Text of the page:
Oil production in North Dakota held steady this spring, and state officials say they expect challenges related to the transportation of both oil and natural gas to persist.
May’s numbers — the latest available — show that North Dakota wells produced 1.39 million barrels of crude per day, just 800 per day more than in April. Natural gas production dropped slightly to 2.82 billion cubic feet per day.
Department of Mineral Resources Director Lynn Helms called the flat numbers “a little bit of a head scratcher,” given that the number of active wells in North Dakota reached a record 15,698 in May. That represents a 195-well jump over the previous month.
Helms attributed the disconnect to what’s happening with the state’s older, shallow wells. They produce little oil, many around 25 barrels per day.
Those wells tend to be profitable when weather conditions are ideal, like in the spring and summer, Helms said.
“If we get a big winter storm that snows them in, the most economic thing to do is shut them in until spring,” he said. “Just expending the money to plow the snow and truck the oil would lose money on those wells.”
Many of the wells that were temporarily shut off over winter have now come back online.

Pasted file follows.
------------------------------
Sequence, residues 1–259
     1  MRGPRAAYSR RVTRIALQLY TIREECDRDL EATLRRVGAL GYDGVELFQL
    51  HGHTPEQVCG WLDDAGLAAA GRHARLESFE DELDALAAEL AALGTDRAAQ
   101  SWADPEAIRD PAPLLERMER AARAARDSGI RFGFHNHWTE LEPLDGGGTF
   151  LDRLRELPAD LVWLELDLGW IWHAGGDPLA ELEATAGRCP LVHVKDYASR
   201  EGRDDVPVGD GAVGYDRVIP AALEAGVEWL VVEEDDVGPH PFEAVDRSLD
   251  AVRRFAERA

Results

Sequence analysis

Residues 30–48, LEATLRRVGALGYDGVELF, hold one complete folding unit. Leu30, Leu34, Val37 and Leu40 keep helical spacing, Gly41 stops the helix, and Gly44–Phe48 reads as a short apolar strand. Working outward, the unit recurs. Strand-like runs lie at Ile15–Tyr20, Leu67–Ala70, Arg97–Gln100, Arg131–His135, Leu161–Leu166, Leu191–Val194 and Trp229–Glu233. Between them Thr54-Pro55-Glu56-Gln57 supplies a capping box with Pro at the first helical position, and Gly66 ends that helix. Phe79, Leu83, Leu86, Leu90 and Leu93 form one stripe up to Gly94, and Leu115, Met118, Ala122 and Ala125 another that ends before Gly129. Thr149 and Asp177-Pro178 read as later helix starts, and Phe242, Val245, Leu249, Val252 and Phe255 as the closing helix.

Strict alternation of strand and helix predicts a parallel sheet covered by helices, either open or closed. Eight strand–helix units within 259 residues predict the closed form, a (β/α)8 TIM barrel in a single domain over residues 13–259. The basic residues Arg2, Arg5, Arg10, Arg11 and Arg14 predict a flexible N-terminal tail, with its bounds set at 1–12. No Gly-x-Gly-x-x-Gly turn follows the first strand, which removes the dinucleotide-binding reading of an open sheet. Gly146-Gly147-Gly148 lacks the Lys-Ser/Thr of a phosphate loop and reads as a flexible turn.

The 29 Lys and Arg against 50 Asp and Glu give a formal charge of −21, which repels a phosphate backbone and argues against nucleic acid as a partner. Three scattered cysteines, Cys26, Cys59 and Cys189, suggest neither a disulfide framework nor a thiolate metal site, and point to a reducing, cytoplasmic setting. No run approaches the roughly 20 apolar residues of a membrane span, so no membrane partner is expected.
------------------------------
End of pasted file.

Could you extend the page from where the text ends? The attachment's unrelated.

Despite little change in May, North Dakota’s oil production is near the record set in January. The high level is creating some transportation headaches.
The state set a record in May for the volume of gas captured from its wells, but it’s still falling short of its current 88 percent goal. Statewide, companies are flaring off 19 percent of all gas produced, higher than the 12 percent target.
Helms said work is underway on a number of facilities to capture more of that gas, including several processing plants and Oneok’s Elk Creek Pipeline, which will carry natural gas liquids from eastern Montana to Kansas.
Operations at processing plants depend on moving those natural gas liquids, such as propane, butane and pentane, out of state. The demand is so high to transport those liquids that the oil and gas industry is turning to trucks and rail to get those products to market, Helms said.
As new facilities come online around the end of the year, Helms said, they will help bring the industry back into compliance with its flaring targets. He said he expects the state to meet its gas capture goals through mid-2022, at which point the industry will likely need more gas-capturing options.
“That’s not a lot of breathing room,” he said, adding that for companies to have new facilities in place by 2022, they need to begin planning now to have adequate time to secure funding and for construction.
He said he anticipates more announcements of new projects this fall.
High oil production also has contributed to a slight uptick in transporting crude by rail out of North Dakota this year.
State Pipeline Authority Director Justin Kringstad said 300,000 barrels per day were carried by trains in May, continuing an upward trend that began around the start of 2019. About two-thirds goes to the Pacific Northwest, with the rest to the East Coast and Gulf Coast states.
Any increases in North Dakota’s oil production likely will result in more train traffic, he said.
Several projects are underway to move more Bakken crude by pipeline, including a proposal to nearly double the capacity of the Dakota Access Pipeline to 1.1 million barrels per day.